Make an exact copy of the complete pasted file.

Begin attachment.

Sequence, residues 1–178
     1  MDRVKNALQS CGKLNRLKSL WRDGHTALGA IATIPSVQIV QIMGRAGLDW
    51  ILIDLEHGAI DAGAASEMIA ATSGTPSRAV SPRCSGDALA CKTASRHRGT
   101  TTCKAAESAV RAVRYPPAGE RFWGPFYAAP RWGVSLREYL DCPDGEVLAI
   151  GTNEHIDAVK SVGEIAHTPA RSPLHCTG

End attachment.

Sequence, residues 1–178
     1  MDRVKNALQS CGKLNRLKSL WRDGHTALGA IATIPSVQIV QIMGRAGLDW
    51  ILIDLEHGAI DAGAASEMIA ATSGTPSRAV SPRCSGDALA CKTASRHRGT
   101  TTCKAAESAV RAVRYPPAGE RFWGPFYAAP RWGVSLREYL DCPDGEVLAI
   151  GTNEHIDAVK SVGEIAHTPA RSPLHCTG